To impeach or not to impeach: that is the question

By Peter Rosenstein - August 1, 2019 7:45 am

hate crimes, gay news, Washington BladePresident Donald Trump (Washington Blade photo by Michael Key)

The 24th entrant into the Democratic primary — billionaire Tom Steyer — has been pushing impeachment of President Trump for the past two years. He has spent a lot of money on TV and print ads and for all his effort he has a few million people that have signed his petition. Now he can contact them to donate to his campaign. Some may feel blindsided.

Impeachment is spelled out in our Constitution. Article 1, Section 2, Clause 5 gives the House of Representatives the sole Power of Impeachment. Under Article 1, Section 3, Clauses 6 and 7, the Senate shall have the sole power to try all impeachments. When sitting for that purpose, they shall be on Oath or Affirmation. When the president of the United States is tried, the chief justice shall preside: And no person shall be convicted without the concurrence of two thirds of the members present.

Truth be told many of my friends are also calling for impeachment now. They claim it’s a matter of our Democracy and that it is the duty of the House of Representatives to impeach the lying, racist, sexist, homophobic disgusting pig in the White House without further delay. But the Constitution doesn’t say it is a duty but rather lays it out as an option for the House of Representatives.

Now is not the time to do it. Will it be the time in two weeks or four? Maybe, but with the information the Congress has now, however disgusting it seems, it will only lead to more political theater and potentially a chance for Trump to once again stand in the Rose Garden and say he has been exonerated. In this case it will ring true if the Senate doesn’t convict him and the chance of their convicting him with today’s make-up of the Senate is zero. Remember conviction requires two-thirds of the Senate.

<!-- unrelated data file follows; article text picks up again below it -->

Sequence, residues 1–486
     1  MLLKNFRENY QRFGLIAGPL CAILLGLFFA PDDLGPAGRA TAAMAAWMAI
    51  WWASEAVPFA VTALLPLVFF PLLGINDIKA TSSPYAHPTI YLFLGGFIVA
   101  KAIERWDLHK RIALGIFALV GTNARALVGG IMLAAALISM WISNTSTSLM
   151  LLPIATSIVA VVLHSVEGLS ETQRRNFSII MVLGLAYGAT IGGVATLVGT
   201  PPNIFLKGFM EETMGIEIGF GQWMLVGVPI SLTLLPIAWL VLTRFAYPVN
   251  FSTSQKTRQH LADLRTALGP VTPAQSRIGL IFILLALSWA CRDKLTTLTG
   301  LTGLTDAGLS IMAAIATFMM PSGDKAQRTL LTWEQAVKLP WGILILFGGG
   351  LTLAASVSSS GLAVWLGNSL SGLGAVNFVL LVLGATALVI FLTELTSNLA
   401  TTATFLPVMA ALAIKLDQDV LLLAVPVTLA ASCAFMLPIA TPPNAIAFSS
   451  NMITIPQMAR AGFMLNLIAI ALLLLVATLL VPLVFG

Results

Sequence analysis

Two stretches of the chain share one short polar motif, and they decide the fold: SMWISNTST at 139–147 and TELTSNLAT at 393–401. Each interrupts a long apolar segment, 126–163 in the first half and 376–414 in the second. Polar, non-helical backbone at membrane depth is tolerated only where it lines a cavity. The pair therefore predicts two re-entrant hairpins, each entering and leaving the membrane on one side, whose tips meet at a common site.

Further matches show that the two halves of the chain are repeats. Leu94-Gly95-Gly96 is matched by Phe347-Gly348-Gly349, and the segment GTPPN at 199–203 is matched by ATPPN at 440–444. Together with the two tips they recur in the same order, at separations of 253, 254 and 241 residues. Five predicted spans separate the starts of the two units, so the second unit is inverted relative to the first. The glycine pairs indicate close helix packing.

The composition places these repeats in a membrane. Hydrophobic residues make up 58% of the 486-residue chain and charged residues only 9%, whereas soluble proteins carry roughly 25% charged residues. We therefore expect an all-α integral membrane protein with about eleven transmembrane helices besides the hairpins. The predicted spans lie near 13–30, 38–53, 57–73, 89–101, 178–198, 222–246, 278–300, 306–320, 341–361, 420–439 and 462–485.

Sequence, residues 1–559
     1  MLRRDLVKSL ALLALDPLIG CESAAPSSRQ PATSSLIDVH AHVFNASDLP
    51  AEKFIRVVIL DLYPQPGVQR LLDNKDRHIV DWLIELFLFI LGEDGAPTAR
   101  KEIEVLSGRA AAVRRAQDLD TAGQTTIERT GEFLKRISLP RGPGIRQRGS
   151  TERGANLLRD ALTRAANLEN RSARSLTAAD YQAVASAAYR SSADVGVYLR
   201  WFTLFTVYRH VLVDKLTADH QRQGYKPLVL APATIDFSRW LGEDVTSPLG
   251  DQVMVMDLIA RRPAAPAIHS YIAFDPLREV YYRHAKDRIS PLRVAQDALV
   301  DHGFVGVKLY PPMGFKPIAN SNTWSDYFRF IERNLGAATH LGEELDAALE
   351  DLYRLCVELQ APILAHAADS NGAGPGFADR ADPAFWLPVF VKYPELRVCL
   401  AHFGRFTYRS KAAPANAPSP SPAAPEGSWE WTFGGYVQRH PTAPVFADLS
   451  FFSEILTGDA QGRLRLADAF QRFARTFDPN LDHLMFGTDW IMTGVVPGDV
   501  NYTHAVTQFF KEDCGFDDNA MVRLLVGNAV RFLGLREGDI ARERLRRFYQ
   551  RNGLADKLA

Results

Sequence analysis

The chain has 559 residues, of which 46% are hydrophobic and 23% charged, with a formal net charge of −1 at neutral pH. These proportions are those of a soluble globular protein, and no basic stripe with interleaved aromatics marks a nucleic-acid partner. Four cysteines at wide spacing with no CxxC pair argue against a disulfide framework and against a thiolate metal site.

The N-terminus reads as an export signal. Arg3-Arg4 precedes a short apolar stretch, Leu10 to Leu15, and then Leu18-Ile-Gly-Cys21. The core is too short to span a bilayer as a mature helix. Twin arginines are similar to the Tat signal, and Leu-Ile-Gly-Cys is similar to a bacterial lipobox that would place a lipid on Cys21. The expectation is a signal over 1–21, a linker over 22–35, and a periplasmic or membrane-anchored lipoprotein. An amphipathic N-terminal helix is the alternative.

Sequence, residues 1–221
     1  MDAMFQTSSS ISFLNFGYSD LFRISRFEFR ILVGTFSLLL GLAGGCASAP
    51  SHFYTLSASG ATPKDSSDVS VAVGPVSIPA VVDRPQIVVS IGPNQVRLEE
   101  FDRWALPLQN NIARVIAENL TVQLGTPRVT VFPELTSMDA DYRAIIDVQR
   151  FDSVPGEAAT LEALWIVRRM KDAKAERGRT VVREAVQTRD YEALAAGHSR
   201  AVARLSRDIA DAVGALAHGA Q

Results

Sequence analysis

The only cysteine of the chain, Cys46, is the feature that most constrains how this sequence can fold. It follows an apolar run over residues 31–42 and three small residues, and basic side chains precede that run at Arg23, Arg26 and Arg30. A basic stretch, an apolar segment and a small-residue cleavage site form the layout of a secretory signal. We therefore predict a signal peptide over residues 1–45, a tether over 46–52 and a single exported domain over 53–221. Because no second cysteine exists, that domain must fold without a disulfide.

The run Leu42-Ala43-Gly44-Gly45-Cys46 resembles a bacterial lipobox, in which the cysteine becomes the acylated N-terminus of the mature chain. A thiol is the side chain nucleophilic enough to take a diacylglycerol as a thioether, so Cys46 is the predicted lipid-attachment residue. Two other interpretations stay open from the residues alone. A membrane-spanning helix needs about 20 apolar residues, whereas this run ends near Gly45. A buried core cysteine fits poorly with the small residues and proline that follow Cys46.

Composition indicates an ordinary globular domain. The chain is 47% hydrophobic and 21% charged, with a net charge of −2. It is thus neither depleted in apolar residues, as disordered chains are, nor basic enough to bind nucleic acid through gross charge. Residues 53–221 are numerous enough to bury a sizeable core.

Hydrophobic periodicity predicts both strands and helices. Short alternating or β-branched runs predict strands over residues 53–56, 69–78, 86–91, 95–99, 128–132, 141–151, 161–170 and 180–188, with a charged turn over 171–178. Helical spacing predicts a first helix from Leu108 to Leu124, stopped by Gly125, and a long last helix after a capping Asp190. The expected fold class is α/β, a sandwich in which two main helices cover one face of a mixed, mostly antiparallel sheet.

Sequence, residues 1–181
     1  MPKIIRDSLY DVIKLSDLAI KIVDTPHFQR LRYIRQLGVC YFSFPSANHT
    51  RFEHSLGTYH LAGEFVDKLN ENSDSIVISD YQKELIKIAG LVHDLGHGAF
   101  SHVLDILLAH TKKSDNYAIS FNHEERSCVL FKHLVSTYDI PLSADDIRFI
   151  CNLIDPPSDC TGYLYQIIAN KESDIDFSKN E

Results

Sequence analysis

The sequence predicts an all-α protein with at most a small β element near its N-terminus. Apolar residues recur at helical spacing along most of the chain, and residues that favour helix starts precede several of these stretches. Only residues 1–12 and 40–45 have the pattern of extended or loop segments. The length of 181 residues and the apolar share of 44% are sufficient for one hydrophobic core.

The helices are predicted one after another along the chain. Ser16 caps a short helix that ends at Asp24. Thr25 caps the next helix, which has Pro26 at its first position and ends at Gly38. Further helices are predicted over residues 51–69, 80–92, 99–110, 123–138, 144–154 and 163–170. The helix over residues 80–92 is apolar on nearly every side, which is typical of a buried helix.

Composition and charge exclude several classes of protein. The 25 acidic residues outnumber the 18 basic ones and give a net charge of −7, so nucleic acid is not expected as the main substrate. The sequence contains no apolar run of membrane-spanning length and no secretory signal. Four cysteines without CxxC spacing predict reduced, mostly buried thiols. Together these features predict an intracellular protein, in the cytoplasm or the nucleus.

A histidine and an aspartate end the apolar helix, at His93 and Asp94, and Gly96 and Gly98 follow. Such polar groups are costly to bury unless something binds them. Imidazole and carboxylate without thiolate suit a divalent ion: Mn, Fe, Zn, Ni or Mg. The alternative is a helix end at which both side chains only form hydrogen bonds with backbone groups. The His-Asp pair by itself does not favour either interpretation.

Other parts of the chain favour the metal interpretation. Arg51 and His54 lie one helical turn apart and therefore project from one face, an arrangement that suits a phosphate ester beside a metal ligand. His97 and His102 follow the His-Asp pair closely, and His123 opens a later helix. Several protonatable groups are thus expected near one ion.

Clearly there are two debates on this topic going on. One is political and the other is ethical. My view is that Congress is a political body. Yes we want each individual member to act ethically but the body as a whole bends to political will, that is the way it was set up. We are a representative Democracy and today more people still say no to impeachment than yes.
In our history we have only seen the House of Representatives vote articles of impeachment on two presidents, Andrew Johnson and Bill Clinton and neither president was removed from office. So the question must be what does voting articles of impeachment accomplish? In the Clinton case we saw his approval numbers go up by 10 percent. Impeachment tends to harden opinions or make someone feel sorry for the person being impeached as in Clinton’s case, not really change them. In today’s world where we are so divided as a nation I cannot see one person’s opinion of the president change if Congress votes articles of impeachment.

So the question being presented to Democrats in the Congress is whether it will get those who want impeachment more supportive and active in the presidential and other 2020 campaigns. Will those who say “a pox on both your houses” when asked why they don’t vote or get active be motivated to action if the House impeaches? From what I am hearing and seeing the answer is a resounding no. They will find something else they don’t like about the system or their member of Congress and still not get involved.

If Democrats and Democratic-leaning independents and decent Republicans are not motivated to get out and vote just by seeing what Trump is doing every day, what will impeachment do to activate them?

Each day Trump is doing and saying things leading to the understanding he is an embarrassment to the nation. He attacks black and brown members of Congress on a regular basis. He has initiated policies that set back what was the forward motion for LGBTQ equality. By his policies and personal actions he has made it clear he has no respect for women. He is caging immigrants and separating children from their parents. So if all this hasn’t motivated those who are calling for impeachment to man the barricades and get out and vote one must question why the simple act of an unsuccessful impeachment process would do it.

At this time my choice would be to defeat him at the polls and then try him after he leaves office. Robert Mueller made that an option in his report.

Peter Rosenstein is a longtime LGBT rights and Democratic Party activist. He writes regularly for the Blade.


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